UK/Tasmania

55 comments

Skip to comment form

  1. 1
    Thomas Lawson

    My new favourite. Outstanding, Fiona.

  2. 2
    pedantik

    Thank you, Fiona.

  3. 3
    Glen Davidson

    That’s the trouble with atheists, they say that it’s all purposeless and accidental for the very reason that many turn to religion, because it’s apparently purposeless and accidental–and they, the religious, want it to be otherwise.

    Spoil sports.

    Glen Davidson

  4. 4
    otrame

    Yes. Just yes.

  5. 5
    Loud - warm smiles do not make you welcome here

    Love this. Great piece, thank you.

  6. 6
    thunderbird5

    As a nurse (NHS), this I can understand.

    23 years of being the last voice, sight, touch that numerous dying people have had would be enough on its own to not only convince me of the absurdity of religion but also if its mendacity and hypocrisy. As it is, I have lots of other reasons too. But Fiona has articulated a very important point – and one that the goddists can never answer to anyone’s satisfaction but their own.

    I know what its like, Fiona. Thanks for writing this.

  7. 7
    chigau (違う)

    Well said.

  8. 8
    grahammartinroyle

    Thank you, well said.

  9. 9
    Antiochus Epiphanes

    This is an argument that has been articulated by famous atheists (JS Mill and Bart Ehrman spring to mind*), but always as a one step process. Arbitrary suffering may be a better reason to suspect that the god of the bible is a shit-heel negligent drunk-daddy kind of creator, but that kind of god seems certainly no less probable than cuddly-bear kumbaya George Burns-in-the-sky. If the latter god engenders belief, there isn’t any rational reason to reject the former. It boils down to “I cannot believe in the existence of a cruel creator”.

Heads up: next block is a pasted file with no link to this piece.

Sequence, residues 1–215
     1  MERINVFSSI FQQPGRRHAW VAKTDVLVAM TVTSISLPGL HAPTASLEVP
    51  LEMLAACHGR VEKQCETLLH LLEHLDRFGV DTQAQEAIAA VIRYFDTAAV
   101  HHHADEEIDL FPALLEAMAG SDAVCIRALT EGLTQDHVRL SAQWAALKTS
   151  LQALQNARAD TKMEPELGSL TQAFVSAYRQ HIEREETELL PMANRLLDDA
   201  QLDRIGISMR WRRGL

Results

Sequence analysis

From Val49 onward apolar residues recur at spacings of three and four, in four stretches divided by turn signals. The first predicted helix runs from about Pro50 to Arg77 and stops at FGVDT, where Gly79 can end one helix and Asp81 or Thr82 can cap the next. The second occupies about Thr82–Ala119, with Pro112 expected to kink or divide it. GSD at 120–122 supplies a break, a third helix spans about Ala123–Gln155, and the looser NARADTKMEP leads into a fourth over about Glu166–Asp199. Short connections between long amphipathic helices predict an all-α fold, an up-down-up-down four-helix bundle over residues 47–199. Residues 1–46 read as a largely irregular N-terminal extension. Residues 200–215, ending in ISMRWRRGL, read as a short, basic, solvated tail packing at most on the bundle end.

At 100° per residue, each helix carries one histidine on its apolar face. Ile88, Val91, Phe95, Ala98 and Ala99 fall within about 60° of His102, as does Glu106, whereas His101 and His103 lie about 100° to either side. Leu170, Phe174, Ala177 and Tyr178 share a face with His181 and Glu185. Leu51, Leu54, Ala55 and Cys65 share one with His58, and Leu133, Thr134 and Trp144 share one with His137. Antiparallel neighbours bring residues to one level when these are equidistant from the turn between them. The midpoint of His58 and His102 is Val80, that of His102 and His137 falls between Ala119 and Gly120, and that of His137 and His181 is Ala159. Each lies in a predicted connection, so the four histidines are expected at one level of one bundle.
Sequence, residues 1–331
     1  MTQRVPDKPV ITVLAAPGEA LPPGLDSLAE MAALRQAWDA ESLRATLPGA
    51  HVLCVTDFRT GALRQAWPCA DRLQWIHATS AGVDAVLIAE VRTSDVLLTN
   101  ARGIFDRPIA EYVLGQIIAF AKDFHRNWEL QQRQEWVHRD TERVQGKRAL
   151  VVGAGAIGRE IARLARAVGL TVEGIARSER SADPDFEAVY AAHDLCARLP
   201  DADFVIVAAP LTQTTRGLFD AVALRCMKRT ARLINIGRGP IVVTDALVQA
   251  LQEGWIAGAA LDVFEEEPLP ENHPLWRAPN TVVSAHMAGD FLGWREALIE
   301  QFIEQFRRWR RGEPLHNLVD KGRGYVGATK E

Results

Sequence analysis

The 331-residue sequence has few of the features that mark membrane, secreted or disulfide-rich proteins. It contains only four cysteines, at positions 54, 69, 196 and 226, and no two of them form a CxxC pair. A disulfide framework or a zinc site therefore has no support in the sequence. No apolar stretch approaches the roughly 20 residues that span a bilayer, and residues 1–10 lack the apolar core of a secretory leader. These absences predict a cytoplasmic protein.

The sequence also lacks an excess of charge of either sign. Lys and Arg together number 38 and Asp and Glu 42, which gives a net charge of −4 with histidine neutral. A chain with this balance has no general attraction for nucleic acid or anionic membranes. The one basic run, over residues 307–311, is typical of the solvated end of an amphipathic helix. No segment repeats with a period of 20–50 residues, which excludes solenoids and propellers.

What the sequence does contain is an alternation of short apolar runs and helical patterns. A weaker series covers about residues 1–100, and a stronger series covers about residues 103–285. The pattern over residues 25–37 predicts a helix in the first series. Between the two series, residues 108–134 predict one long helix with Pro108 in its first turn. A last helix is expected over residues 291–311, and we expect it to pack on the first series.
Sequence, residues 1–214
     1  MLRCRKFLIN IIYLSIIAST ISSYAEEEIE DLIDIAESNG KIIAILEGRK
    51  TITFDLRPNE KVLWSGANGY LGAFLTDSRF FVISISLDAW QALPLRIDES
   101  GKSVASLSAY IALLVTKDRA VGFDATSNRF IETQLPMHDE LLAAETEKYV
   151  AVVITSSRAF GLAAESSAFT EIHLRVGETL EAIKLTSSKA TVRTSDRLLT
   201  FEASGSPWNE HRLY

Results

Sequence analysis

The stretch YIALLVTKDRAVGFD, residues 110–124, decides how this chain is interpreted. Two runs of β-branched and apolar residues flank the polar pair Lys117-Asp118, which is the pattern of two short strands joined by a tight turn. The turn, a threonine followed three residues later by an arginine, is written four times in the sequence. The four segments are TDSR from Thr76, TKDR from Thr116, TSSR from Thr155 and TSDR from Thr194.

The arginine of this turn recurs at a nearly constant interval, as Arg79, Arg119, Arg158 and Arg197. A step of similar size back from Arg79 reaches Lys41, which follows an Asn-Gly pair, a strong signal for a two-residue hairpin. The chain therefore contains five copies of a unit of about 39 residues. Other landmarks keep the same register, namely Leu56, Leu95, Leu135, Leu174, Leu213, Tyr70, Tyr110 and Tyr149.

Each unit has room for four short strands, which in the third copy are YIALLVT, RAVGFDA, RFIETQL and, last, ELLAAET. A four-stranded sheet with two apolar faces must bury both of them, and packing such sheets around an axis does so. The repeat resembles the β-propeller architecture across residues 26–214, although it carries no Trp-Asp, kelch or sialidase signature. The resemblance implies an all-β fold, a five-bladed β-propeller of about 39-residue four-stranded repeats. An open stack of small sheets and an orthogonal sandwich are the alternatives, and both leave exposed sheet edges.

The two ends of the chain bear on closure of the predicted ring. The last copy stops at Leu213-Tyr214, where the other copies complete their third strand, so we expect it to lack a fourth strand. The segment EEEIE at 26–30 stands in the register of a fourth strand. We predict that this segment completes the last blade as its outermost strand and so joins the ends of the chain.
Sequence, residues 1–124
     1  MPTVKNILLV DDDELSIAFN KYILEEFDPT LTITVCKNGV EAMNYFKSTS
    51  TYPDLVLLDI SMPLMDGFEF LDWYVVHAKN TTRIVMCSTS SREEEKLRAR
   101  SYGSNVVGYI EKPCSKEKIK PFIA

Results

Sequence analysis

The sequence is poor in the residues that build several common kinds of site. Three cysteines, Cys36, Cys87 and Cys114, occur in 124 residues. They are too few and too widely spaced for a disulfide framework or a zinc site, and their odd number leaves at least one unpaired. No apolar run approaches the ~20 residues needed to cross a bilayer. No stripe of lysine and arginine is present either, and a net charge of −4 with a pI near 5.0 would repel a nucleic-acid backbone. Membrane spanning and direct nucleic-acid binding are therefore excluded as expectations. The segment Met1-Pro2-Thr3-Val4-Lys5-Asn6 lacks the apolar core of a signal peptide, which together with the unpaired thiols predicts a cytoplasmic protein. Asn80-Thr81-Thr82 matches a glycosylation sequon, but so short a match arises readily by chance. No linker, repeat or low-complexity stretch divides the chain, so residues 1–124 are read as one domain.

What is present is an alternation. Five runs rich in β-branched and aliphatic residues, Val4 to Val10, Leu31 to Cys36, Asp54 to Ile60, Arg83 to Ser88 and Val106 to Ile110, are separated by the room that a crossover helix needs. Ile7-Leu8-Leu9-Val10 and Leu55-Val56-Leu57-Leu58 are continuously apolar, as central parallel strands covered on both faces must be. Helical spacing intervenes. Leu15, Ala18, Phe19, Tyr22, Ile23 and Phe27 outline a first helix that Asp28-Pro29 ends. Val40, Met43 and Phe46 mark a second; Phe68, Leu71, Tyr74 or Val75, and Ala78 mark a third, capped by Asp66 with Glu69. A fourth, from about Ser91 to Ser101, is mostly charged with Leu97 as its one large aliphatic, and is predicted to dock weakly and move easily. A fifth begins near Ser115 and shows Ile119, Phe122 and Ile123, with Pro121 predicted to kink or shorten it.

There are all kinds of rational reasons to reject supernatural belief. This doesn’t seem to be one of them.

    Nonetheless, I found this post moving. I’m saddened that your atheism came from having witnessed so many endings. It must be difficult each time.

    *I could be wrong

  10. 10
    chigau (違う)

    AE